Thousands more Ukrainian students are expected to enroll in schools here after the Easter holidays

The Ministry of Education is preparing for thousands more Ukrainian students to enroll in schools across the country after the Easter holidays.

It is believed that only about half of the school-age refugee children who arrived in Ireland before the break have so far signed up.

With around 500 refugees arriving every day, more and more families are turning their attention to integrating their children into the education system.

Currently, about a third of the Ukrainians who have come to Ireland since the Russian invasion are children.

While many children showed up at schools within days of their arrival, other families chose to wait.

Figures are fluid, but the ministry estimates that at least 6,300 Ukrainian school-age children have arrived in Ireland ahead of the Easter holidays.

With up to 32,000 refugees expected in the country by this weekend, the number of children would rise to at least 10,000.

Of the children who arrived before the Easter holidays, about 2,000 were enrolled in primary schools and about 1,800 in secondary schools.

Other families have delayed school entry, coping with sudden displacement or awaiting a move from emergency shelter to medium- or long-term accommodation.

The department updated education partners this week on the evolving situation, telling them to expect a spike in enrollments after the break.

Hundreds of schools have already accepted Ukrainian students and so far about 260 primary schools have been allocated additional teaching hours; in some cases full-time class teachers.

Among the elementary schools enrolled by Ukrainian refugees, the average number is three or four, although in some cases it is much higher, at 30 or more.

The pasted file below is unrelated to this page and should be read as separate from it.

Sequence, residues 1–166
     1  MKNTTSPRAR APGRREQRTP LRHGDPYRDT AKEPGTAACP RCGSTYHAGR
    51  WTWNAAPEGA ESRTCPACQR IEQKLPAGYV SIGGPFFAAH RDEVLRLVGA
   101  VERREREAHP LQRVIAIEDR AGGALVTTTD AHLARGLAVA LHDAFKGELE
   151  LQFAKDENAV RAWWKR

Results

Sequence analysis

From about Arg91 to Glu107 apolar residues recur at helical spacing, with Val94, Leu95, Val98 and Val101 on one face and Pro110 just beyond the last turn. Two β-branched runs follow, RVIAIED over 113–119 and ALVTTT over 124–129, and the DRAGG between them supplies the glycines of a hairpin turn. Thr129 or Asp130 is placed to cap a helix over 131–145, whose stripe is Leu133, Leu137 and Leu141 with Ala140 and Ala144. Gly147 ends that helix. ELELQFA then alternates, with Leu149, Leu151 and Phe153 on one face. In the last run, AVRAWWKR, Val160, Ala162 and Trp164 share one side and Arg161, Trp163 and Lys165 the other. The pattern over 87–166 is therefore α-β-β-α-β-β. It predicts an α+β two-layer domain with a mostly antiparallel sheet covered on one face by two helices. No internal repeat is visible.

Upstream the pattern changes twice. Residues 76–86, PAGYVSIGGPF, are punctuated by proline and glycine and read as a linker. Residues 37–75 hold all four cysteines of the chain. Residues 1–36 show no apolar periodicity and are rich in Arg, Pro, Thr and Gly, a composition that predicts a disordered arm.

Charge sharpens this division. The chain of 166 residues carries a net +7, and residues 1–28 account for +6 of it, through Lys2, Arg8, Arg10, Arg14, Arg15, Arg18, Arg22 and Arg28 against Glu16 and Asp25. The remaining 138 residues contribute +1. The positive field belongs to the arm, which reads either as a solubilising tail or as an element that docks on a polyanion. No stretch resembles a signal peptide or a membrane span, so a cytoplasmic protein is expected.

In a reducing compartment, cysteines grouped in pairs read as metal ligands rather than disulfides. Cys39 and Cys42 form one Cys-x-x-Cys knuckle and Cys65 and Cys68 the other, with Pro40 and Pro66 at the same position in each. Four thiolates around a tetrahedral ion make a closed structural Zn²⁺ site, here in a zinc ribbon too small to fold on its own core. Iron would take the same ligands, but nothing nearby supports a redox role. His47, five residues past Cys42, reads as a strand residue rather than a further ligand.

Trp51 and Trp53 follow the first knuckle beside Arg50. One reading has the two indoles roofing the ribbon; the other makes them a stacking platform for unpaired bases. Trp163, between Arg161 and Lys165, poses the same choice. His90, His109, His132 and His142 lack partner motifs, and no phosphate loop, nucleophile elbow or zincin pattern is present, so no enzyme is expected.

As the department prepares for the next phase of demand and the need for thousands more places, the major challenge will be finding a match between schools with capacity and the availability of accommodation in the area.

It’s estimated that there are about 25,000 total vacancies in elementary schools nationwide – but vacancies are not necessarily in areas where housing is available.

The situation is more tense at the post-primary level.

Student enrollment in this sector is generally increasing and many schools are overbooked and unable even to meet existing needs.

The department is still looking for an accurate figure on the sector’s capacity and is awaiting details from a survey of schools.

Depending on needs, some schools may require additional accommodation, but the ministry has not spelled out what form this might take.

It has set up 16 regional teams known as Realt – Regional Education and Language Teams for Ukraine – To help children find school places and to support schools in meeting their needs.

Schools can request additional teaching resources, mainstream classes and English language support, but at the secondary level, teacher shortages will pose a challenge.

Helping schools accommodate Ukrainian students is expected to be a key topic at next week’s annual teachers’ conferences.

It is understood that union leaders will bring the resource needs to the attention of the government on a scale to match demand, particularly if the numbers translate into long-term enrollments. Thousands more Ukrainian students are expected to enroll in schools here after the Easter holidays

Fry Electronics Team

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